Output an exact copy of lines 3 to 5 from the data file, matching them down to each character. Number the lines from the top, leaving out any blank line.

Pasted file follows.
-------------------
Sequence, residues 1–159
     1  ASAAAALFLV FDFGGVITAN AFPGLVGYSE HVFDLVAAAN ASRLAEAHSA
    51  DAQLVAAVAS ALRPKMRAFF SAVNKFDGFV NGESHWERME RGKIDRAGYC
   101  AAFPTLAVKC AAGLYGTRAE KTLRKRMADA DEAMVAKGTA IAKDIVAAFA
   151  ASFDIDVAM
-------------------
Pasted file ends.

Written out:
    51  DAQLVAAVAS ALRPKMRAFF SAVNKFDGFV NGESHWERME RGKIDRAGYC
   101  AAFPTLAVKC AAGLYGTRAE KTLRKRMADA DEAMVAKGTA IAKDIVAAFA
   151  ASFDIDVAM